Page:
Interview with Syrian Poet Aïcha Arnaout
Words Without Borders has just translated from French into English an interview with Syrian poet Aïcha Arnaout, who has lived in Paris since 1978. "Last March," Cécile Oumhani writes, "she became totally engaged in the Syrian revolt, working day and night to send news updates and attend meetings in support of her people. We no longer meet at readings, only at rallies and evenings centered on current events in Syria." The interview sheds a lot of light on the uprisings:
CO: What are the specifics of the Syrian uprising?
AA: The Arab Spring uprisings are inspired by the same desires; the only differences are local. The Syrian revolution was triggered by the Assadist regime’s brutal torture of a group of children. Imitating the Tunisian and Egyptian slogans they saw on unofficial TV channels, they scrawled “down with the regime” on the walls of their school. The children were arrested and their nails pulled out. Those savaged little fingers turned a new page in Syrian history.
Despite the regime’s violence, the Syrian demonstrations are peaceful: the marchers meet gun barrels and tanks with empty hands, rifles with olive branches. Meanwhile, while occupying cities and murdering protesters, the regime claims to foster reform using the media to discredit the revolt and justify the government’s response, and calling for dialogue with the so-called opposition, in an attempt to clear itself at home and abroad among those who are still trying to make sense of the situation in Syria.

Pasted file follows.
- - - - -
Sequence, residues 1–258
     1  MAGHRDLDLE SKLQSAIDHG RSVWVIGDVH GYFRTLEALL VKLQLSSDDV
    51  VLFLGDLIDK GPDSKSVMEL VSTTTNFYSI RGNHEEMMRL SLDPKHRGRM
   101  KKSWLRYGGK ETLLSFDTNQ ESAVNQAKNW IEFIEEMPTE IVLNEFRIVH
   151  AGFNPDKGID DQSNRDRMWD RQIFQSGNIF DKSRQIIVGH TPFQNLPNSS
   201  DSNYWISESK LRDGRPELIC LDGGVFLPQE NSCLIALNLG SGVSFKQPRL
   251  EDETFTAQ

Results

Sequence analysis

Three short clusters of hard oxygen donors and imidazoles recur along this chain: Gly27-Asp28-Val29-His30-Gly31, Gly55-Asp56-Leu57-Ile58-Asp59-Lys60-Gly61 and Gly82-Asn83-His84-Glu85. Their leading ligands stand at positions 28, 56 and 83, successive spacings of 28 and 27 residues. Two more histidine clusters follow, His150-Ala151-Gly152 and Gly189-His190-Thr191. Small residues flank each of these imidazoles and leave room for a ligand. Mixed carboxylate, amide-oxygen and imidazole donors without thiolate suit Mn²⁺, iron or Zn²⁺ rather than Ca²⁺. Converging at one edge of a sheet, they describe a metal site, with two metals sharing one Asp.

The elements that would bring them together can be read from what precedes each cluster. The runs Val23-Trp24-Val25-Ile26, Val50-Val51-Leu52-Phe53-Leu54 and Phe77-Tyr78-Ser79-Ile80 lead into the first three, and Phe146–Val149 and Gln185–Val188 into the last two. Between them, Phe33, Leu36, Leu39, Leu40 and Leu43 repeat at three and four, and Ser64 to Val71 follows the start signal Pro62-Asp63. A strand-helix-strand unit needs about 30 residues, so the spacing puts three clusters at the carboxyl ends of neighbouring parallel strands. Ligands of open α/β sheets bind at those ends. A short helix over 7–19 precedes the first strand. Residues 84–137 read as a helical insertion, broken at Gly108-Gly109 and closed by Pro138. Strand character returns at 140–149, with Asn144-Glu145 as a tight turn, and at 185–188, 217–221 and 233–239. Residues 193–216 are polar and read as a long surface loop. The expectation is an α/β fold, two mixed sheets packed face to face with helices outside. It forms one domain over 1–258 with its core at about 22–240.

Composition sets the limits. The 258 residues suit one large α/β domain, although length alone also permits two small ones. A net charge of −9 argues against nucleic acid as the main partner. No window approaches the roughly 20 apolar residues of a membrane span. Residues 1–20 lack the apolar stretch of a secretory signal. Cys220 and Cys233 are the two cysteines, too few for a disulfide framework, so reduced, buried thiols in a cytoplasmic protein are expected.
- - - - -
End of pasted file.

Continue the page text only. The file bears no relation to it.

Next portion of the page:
It also looks at the role the media plays in this particular situation, the rest of the world's reaction, and the role of the poet:
CO: What is the role of poets and novelists in the present situation?
AA: Writers should stand up for humanity, justice and the universal principles defining the rights of each living being to dignity, respect, and well-being. I am of course not referring to the subjects they deal with, but to their positions regarding the world, their ideas. They are free to choose any subject. The invisible driving force in their works will bear the marks of their principles. While Picasso was working on “Guernica” and expressing his anger, Matisse was painting still lifes, soothing spirits tormented by the war. Both painters shared the same views.
In the present tragic situation, poets and writers should stand by the side of the Syrian people. They should do their best to become available for those historical moments, through their writing or other forms of action. Of course this depends on each writer or artist’s personality, style and choices.
The Arab Spring offers a great variety of experiences, new and intense emotions. It is an opportunity for other forms of creation, in unison with the people. In the case of Syria, this has led to innovation. People have composed expressive songs; they have written poems directly inspired by events. Young people, in particular, have made marvelous use of grim humor and a mischievous vocabulary, experimenting with new forms of expression.
I cannot understand how some can remain silent in this turmoil. Even if they choose not to write, at least they should not hide behind an opaque wall, as if they were busy analyzing figures on a page of calculations. This is a historic moment, a moment when speech is golden.
We wonder how it's all affected her work. For now, you can read the full interview here.